As I walked from one hall to another on Thursday morning, I was surrounded by young men and women in scrubs. No, thankfully I wasn’t in a hospital; I was on a site visit at Arthur A. Benjamin Health Professions High School in Sacramento, California.
The scrubs students wore weren’t the only thing that distinguished Health Professions. Like many other schools in California implementing the Linked Learning high school reform approach, Health Professions has a comprehensive strategy to provide each student a personalized, rigorous, and relevant educational experience that transcends the scrubs. This strategy includes:
·Professional Learning Communities. Through professional learning communities—referred by the school as “salons”—teachers and staff at Health Professions integrate curricula across academic disciplines; combine academic and technical coursework; collaborate in creating project-based learning experiences for students; analyze data; and helpe identify and address student problems and challenges. This collaboration among teachers and staff enable each student to have more personalized and high-quality learning experiences.
·Linkages to Provide a College- and Career-Ready Education. As a certified Linked Learning pathway, the school makes necessary linkages to prepare each student for college- and- career success. Students are provided college- preparatory coursework that is aligned to California State University A-G standards; students are provided hands-on, career and technical education, and work-based learning experiences that make their learning experience relevant; and students are provided support services that address barriers standing between them and a high quality education. These opportunities help make the most important linkage, the linkage between students and their aspirations.
·Technical Education, Work Based Learning, and a 21st Century Education. Schools like Health Professions are changing perceptions of career and technical education. At Health Professions, career and technical education and work-based learning help students to: develop the knowledge and skills to succeed in the workforce and postsecondary education; provide coherent themes to deliver rigorous academic content; and provide relevance to keep students engaged and in school. The key is that Health Professions High School isn’t preparing students for healthcare careers—the school’s students graduate prepared to succeed in a range of postsecondary education and career options.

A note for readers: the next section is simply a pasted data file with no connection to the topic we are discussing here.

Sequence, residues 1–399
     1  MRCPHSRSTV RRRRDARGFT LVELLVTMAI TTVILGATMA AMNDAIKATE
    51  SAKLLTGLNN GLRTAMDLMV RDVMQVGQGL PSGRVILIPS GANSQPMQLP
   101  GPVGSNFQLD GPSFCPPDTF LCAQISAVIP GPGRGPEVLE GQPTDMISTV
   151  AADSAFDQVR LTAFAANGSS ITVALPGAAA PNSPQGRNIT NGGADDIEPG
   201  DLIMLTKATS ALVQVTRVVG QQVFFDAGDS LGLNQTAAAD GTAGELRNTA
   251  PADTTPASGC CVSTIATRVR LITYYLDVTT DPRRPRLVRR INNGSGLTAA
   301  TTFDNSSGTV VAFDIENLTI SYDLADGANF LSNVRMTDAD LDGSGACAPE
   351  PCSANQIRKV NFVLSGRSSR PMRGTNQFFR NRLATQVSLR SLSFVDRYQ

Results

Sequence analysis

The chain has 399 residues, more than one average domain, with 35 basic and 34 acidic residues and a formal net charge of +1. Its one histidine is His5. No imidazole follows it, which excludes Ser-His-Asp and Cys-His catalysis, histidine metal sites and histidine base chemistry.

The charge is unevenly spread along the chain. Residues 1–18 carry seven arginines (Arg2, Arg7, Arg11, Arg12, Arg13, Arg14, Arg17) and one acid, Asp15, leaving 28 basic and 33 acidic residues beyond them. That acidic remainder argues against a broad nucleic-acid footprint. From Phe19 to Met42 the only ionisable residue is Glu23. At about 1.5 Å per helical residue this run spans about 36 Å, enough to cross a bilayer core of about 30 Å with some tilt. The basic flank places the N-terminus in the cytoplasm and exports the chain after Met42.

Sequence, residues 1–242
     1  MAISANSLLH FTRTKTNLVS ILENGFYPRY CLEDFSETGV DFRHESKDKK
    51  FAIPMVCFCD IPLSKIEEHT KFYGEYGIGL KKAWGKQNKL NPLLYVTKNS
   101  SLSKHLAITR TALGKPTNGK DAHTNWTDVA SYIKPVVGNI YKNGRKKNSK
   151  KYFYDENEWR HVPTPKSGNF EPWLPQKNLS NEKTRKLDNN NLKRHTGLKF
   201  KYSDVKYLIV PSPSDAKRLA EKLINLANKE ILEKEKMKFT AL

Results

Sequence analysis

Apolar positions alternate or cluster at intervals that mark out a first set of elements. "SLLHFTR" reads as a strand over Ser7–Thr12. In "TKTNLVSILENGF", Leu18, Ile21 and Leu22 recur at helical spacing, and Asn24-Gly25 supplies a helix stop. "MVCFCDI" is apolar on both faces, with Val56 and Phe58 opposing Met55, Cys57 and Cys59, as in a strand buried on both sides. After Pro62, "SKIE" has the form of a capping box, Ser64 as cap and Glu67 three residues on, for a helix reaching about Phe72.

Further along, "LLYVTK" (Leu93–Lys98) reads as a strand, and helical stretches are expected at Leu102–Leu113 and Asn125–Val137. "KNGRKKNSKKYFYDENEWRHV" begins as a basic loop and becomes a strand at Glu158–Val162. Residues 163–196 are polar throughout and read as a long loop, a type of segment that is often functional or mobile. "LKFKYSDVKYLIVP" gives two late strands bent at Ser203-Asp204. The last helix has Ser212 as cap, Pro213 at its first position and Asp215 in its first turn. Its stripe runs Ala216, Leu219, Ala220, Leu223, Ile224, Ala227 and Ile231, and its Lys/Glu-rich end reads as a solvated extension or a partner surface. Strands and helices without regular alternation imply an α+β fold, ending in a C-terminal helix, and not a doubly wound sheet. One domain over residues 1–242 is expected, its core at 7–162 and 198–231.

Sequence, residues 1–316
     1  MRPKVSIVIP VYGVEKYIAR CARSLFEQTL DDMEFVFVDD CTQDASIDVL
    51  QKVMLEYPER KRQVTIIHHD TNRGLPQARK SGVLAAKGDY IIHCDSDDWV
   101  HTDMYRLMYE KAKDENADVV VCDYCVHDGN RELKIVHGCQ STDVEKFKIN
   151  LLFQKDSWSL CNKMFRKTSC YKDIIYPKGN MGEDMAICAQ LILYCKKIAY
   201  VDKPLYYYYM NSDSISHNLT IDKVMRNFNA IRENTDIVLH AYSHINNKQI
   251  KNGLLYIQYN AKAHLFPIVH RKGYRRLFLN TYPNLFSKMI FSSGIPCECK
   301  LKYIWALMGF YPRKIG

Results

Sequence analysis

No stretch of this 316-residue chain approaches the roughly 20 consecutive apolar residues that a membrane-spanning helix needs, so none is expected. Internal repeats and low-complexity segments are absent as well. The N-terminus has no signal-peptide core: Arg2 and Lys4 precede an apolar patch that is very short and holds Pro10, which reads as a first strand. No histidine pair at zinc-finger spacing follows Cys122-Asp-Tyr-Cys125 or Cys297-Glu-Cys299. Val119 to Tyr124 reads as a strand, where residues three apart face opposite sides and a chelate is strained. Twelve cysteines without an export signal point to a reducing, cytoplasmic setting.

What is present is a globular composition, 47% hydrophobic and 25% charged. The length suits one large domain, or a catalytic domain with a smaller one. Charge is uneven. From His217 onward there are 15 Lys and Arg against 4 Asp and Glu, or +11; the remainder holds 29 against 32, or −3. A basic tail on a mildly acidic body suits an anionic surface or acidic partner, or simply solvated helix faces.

·The Role of Partnerships. Partnerships are a critical element to the success of Linked Learning pathways like Health Professions. Partnerships enable schools to fill in the gaps between the education the school is positioned to provide and the education students need to succeed. Health Professions partners are stepping up to this challenge. Business partners like Kaiser Permanente and Shriners Hospital provide students hands-on work-based and service-learning opportunities; postsecondary partners like U.C.Davis ensure students’ opportunities prepare them to make effective transitions to higher education; and community based partners help provide support services to meet other student needs. These are just some of the functions partnerships can serve. The partnershipsschools like Health Professions utilize ensure that the success of students is community-driven, not just a school-driven enterprise.
As one female student observed, “Learning is easier here.” The course requirements are no less rigorous— she had just finished a complicatedrole-playing presentation withthree other students— but she is learning by engaging in activities that interest her.
The Linked Learning strategy employed at Health Professions helpsprepare students for college and careers, not one or the other. Whether students end up trading scrubs for postsecondary graduation gowns, business suits, or some other uniform, their future will be a function of their decisions and aspirations, combined with the quality of an education process that truly engages them.
Bob Wise is the president of the Alliance for Excellent Education and former governor of West Virginia.